Judge Recused In University Of Kentucky V. Kentucky Mist Moonshine Case Because He's A Kentucky Grad
from the getting-out-of-hand dept
We were just discussing the University of Kentucky’s asshat-ish bullying attempts concerning Kentucky Mist Moonshine’s gall in selling hats and t-shirts featuring the distillery’s name and logo. The whole episode has been entirely silly from the outset, with the school essentially declaring itself the sole owner of the name of its home state for the purposes of its use on apparel. This attempt to throw aside even the question of actual customer confusion made the whole thing a strange power-play against a distillery, with some questioning how a trademark over a state’s name could be granted in the first place. Kentucky Mist itself filed a lawsuit against the school, requesting that the trademark it has chosen to flaunt so brazenly be either declared invalid entirely or reformed to protect the school only against any attempts to actually be associated with the school as opposed to the state of Kentucky.
Again: none of this should be happening. If the University of Kentucky had simply kept its nose out of an unrelated business’ business, no suit would have been filed. But now, as the silliness continues, we get news that the judge originally assigned to preside over the case has recused himself. Why? Because he’s a graduate of UK.
Jim Francis, Kentucky Mist’s attorney, had on Monday filed the motion for recusal, citing [Judge] Hood’s status as a graduate of UK and its college of law. In addition, Francis said in his motion, Hood is a university donor designated as a UK Fellow and a member of the UK Alumni Association.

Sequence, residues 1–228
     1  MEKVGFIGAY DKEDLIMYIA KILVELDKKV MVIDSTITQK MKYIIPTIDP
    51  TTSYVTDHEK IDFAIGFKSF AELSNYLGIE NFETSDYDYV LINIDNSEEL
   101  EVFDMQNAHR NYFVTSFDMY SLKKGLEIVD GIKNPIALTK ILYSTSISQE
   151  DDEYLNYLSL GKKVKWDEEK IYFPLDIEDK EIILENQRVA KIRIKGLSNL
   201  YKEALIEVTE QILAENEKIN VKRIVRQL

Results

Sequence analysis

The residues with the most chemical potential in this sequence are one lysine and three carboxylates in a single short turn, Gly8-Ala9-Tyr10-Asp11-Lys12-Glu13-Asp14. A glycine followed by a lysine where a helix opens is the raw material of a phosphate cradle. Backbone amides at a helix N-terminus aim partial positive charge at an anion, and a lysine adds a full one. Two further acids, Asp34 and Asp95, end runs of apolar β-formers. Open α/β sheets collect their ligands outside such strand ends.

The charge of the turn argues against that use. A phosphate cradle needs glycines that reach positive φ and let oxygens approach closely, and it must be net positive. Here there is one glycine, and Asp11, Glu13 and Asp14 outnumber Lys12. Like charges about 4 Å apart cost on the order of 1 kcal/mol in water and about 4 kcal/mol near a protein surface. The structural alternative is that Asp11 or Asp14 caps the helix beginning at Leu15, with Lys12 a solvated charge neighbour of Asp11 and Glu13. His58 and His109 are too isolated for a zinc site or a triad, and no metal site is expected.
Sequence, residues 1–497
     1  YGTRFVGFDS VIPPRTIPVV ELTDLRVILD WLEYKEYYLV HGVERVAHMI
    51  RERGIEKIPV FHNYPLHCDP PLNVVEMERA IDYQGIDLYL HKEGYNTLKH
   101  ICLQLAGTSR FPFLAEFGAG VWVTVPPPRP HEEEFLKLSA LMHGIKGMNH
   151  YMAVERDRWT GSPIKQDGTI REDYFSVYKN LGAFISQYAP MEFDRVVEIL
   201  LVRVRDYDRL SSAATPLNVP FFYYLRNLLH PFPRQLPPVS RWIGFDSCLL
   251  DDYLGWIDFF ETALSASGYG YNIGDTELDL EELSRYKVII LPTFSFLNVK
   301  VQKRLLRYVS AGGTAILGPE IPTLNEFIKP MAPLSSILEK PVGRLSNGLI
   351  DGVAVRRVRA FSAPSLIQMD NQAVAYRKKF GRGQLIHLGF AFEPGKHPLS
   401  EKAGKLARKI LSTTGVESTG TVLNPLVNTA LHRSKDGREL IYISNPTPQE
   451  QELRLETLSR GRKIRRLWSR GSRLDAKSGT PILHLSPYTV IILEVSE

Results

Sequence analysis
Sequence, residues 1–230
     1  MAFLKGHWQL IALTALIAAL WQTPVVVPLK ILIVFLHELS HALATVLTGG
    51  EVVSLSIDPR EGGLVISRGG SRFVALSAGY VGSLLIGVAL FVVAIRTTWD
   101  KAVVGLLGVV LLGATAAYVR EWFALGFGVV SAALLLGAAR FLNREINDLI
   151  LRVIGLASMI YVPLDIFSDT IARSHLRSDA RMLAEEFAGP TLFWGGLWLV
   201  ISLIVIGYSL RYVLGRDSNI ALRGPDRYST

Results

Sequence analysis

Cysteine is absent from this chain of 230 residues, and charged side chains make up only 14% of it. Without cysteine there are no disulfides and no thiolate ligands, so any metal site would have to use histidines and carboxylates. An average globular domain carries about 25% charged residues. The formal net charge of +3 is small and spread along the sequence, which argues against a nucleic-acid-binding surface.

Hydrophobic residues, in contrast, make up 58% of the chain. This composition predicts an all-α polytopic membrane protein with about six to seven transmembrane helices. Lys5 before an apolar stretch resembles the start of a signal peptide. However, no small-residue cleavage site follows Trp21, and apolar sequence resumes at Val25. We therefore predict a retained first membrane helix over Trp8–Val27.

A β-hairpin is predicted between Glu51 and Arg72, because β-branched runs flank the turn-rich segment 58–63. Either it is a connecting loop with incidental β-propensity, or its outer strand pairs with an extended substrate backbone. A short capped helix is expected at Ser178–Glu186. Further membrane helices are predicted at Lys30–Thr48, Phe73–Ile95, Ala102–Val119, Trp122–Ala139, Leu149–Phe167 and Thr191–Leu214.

I can understand why Kentucky Mist would want the most impartial judge possible for its case, especially when Judge Hood was in some way affiliated with a school that has proven to be a complete bully on the very question the court was to decide. Still, I keep coming back to the fact that we shouldn’t even be here. The fallout from the USPTO’s unwillingness to cast a critical eye when it comes to trademark registrations is what’s impacting all of this. If, instead of granting UK a trademark on the state-name “Kentucky” for apparel back in 1997, it had instead applied some critical thinking and understood what a massive problem such general and common-word trademarks might present, no recusal would have been necessary.
Instead, another judge will be assigned, and we might get the outcome, through the challenge of the trademark, that should have occurred back in the nineties.